Date of Degree
Other Astrophysics and Astronomy | Stars, Interstellar Medium and the Galaxy
High energy astrophysics, gamma-ray astronomy, Fermi Gamma-ray Space Telescope, molecular clouds, cosmic rays
We analyze gamma-ray emission from nearby, interstellar molecular clouds in order to calibrate current tracers of the interstellar medium and to probe local cosmic ray gradients. Gamma-rays detected by the Fermi Gamma-ray Space Telescope are created when cosmic rays collide with atomic nuclei in the interstellar medium, and thus provide a unique, unbiased view of the distribution of gas. The gamma-ray flux per proton in the interstellar medium, also known as the gamma-ray emissivity, contains information about the density of high energy cosmic rays. These cosmic rays are born in supernovae shock waves and diffuse throughout the Galaxy. The cosmic ray density therefore traces star formation. Previous models of cosmic ray propagation predict small density gradients in the Solar neighborhood. We analyze the gamma-ray emission from 93 nearby molecular clouds. We find no evidence for a local cosmic ray density gradient, and that the variance in the emissivity is larger than previously reported by the Fermi science team. Nor do we find a gradient in Xco = N(H2)/WCO, which is predicted to increase with Galactocentric radius. Finally, we suggest future work which may finally detect a local cosmic ray density gradient. A significant result would constrain the population of cosmic ray sources, thus revealing the distribution of star formation close to the Solar System.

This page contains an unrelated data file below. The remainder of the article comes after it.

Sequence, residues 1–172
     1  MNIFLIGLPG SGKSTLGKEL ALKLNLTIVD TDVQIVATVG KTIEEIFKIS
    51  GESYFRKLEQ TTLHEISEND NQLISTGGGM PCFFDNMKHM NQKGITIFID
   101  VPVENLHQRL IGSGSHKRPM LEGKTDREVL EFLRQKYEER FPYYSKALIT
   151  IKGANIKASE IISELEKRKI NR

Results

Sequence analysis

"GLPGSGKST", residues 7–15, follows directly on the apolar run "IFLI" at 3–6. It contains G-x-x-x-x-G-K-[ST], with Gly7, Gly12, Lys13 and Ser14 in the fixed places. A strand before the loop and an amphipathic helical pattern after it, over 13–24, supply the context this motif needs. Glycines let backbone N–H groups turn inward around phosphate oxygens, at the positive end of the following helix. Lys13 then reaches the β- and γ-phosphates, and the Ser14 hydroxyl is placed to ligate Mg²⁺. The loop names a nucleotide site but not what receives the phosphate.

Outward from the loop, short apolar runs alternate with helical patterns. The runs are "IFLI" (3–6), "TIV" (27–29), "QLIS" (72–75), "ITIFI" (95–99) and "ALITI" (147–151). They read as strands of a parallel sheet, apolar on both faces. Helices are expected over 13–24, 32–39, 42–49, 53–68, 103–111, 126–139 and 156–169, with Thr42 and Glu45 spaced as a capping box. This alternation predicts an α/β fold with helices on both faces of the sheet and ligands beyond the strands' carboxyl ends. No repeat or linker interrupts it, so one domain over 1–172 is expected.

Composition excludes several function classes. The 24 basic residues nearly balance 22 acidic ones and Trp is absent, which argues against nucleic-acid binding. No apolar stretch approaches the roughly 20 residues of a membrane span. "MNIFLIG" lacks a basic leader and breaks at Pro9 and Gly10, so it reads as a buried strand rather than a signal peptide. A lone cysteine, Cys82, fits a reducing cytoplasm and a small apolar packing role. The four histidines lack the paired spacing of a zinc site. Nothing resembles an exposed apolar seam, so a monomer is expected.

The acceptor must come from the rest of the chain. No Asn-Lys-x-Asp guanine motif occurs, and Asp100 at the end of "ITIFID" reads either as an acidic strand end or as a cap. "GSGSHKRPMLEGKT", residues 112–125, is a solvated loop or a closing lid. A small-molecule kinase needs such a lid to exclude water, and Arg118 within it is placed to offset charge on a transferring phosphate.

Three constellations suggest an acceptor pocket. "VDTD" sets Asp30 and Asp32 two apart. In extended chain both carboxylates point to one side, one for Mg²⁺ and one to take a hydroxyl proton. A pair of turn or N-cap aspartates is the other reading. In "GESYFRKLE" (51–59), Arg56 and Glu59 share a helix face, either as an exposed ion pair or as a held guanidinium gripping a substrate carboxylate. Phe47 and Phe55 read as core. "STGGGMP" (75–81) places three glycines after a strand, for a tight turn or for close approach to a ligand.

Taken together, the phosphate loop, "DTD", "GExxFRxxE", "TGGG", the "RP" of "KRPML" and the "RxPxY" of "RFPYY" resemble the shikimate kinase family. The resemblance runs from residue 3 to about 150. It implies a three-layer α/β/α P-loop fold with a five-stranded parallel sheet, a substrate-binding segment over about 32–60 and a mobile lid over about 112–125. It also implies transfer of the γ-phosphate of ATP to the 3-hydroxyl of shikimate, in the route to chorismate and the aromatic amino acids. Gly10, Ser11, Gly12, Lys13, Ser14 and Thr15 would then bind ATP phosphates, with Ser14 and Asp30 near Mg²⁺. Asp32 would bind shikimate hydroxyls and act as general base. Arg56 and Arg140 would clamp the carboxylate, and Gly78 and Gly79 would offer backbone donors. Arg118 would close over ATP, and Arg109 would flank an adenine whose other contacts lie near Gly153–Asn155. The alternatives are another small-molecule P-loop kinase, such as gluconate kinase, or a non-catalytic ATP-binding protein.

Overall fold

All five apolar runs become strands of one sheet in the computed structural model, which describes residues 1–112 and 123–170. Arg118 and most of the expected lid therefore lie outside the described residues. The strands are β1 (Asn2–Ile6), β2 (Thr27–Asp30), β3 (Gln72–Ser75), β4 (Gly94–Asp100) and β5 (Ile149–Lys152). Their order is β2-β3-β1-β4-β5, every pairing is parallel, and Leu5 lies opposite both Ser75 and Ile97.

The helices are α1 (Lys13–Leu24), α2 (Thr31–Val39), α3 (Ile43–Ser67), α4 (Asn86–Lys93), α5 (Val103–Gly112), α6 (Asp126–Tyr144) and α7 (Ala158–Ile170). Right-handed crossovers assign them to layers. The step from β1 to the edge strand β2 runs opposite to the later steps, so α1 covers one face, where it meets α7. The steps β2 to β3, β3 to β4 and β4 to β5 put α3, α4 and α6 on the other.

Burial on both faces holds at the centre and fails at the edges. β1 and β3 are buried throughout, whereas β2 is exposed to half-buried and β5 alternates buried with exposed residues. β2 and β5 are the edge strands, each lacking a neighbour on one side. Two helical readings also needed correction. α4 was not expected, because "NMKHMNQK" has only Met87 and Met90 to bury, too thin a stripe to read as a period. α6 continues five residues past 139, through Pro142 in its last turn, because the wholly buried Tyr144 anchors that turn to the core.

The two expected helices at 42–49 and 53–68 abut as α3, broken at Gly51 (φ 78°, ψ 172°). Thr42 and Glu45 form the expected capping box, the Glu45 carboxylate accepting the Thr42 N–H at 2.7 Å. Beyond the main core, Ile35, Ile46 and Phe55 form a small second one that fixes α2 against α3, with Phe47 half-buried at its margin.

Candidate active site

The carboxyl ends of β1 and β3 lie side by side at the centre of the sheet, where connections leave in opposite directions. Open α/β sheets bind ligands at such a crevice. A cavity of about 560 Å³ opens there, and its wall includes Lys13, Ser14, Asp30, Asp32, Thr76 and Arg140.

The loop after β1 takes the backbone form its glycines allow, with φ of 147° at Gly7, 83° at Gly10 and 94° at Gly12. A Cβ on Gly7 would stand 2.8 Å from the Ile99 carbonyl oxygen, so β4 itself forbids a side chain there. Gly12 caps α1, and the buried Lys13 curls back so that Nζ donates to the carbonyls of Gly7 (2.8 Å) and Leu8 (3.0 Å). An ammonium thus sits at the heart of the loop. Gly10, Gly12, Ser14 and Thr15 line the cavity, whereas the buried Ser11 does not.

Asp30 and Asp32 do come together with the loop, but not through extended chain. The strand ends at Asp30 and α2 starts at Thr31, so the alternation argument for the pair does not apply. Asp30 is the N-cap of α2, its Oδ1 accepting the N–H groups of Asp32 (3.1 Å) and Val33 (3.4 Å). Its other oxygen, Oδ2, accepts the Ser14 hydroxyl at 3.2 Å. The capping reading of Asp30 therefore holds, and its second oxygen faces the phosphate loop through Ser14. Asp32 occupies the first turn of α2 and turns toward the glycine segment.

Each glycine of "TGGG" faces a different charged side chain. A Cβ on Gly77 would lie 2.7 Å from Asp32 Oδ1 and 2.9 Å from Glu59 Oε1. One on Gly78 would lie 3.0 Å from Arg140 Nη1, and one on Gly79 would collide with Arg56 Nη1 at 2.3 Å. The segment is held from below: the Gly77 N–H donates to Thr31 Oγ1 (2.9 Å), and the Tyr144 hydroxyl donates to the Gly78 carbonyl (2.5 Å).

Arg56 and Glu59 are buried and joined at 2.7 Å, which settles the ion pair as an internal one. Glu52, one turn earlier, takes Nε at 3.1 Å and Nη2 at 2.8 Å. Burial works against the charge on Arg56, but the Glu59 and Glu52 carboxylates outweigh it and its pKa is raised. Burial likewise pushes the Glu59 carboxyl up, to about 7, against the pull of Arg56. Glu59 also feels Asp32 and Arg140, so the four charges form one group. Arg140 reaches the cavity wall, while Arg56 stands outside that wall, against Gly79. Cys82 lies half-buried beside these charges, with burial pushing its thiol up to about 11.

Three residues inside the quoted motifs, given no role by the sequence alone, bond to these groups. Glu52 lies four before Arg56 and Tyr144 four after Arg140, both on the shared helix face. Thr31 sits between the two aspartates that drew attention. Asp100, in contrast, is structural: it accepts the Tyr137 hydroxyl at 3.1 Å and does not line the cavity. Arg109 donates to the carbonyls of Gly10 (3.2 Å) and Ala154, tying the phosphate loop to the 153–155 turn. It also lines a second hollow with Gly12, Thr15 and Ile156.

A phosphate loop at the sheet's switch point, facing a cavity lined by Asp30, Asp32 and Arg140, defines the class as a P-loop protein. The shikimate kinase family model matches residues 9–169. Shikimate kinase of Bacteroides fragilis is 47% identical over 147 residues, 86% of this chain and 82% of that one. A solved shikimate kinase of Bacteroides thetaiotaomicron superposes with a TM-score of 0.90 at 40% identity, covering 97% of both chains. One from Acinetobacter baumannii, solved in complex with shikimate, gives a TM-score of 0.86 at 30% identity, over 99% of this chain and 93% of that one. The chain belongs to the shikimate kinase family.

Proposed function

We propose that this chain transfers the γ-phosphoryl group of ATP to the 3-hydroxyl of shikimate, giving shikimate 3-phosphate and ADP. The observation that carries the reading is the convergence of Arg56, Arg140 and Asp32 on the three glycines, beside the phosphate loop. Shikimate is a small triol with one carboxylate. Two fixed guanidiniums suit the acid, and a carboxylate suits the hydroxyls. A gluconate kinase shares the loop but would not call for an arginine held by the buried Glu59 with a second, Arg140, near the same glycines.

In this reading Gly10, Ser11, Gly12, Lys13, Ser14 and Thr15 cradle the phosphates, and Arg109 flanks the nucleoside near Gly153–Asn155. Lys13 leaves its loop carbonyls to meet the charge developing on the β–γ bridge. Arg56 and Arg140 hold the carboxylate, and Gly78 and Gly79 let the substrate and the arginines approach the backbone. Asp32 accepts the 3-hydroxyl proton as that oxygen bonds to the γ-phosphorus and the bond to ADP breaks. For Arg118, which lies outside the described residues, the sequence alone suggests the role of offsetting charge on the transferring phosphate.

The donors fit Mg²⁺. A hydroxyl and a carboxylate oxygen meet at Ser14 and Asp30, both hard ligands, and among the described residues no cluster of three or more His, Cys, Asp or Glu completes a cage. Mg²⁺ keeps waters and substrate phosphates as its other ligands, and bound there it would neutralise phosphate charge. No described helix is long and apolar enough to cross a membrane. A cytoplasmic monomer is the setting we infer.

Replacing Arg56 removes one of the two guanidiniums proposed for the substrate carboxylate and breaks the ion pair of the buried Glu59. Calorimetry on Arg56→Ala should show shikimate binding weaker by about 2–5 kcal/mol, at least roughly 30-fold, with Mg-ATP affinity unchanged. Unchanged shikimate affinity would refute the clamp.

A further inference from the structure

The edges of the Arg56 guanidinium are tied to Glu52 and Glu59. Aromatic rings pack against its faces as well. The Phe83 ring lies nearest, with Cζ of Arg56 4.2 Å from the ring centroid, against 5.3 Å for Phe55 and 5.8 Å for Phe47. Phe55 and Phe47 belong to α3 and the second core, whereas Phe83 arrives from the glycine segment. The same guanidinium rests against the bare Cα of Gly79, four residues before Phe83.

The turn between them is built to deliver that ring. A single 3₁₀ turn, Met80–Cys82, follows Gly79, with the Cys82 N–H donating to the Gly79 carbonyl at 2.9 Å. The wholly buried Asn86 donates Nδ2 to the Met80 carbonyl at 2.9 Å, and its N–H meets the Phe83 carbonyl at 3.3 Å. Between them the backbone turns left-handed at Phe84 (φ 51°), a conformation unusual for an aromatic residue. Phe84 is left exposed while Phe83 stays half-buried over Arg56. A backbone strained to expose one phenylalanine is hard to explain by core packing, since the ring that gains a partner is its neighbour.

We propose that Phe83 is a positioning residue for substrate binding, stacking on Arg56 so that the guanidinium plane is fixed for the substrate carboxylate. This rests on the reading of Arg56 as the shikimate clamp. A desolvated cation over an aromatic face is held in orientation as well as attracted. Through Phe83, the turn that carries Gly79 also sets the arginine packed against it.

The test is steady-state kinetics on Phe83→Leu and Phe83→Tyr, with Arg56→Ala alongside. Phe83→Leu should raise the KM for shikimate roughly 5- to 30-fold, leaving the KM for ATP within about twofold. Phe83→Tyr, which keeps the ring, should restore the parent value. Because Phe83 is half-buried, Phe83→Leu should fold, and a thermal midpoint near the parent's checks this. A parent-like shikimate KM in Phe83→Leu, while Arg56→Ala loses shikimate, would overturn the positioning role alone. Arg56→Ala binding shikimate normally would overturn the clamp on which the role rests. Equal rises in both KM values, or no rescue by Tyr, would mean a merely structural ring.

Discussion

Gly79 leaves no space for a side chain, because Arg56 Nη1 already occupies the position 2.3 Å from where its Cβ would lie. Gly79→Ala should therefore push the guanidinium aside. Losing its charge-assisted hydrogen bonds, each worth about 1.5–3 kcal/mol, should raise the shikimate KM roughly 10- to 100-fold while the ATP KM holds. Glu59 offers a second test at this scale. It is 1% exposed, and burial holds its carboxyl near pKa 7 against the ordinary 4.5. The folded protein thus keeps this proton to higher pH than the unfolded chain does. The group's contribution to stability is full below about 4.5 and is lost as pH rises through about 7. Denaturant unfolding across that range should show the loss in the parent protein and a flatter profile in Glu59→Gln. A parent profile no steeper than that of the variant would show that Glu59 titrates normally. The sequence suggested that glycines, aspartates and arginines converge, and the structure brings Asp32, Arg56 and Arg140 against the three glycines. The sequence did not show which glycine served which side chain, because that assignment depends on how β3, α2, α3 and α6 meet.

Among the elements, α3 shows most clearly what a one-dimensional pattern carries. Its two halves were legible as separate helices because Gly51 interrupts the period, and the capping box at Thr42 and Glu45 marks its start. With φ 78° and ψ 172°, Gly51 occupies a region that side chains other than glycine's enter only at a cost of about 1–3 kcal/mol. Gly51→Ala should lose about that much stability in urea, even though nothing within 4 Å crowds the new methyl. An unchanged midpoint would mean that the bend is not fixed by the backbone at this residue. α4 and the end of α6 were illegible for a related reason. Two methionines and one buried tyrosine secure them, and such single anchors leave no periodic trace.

Abrahams, Ryan, "Diffuse Gamma-Ray Emission from Nearby Molecular Clouds as a Probe of Cosmic Ray Density Variations" (2017). CUNY Academic Works.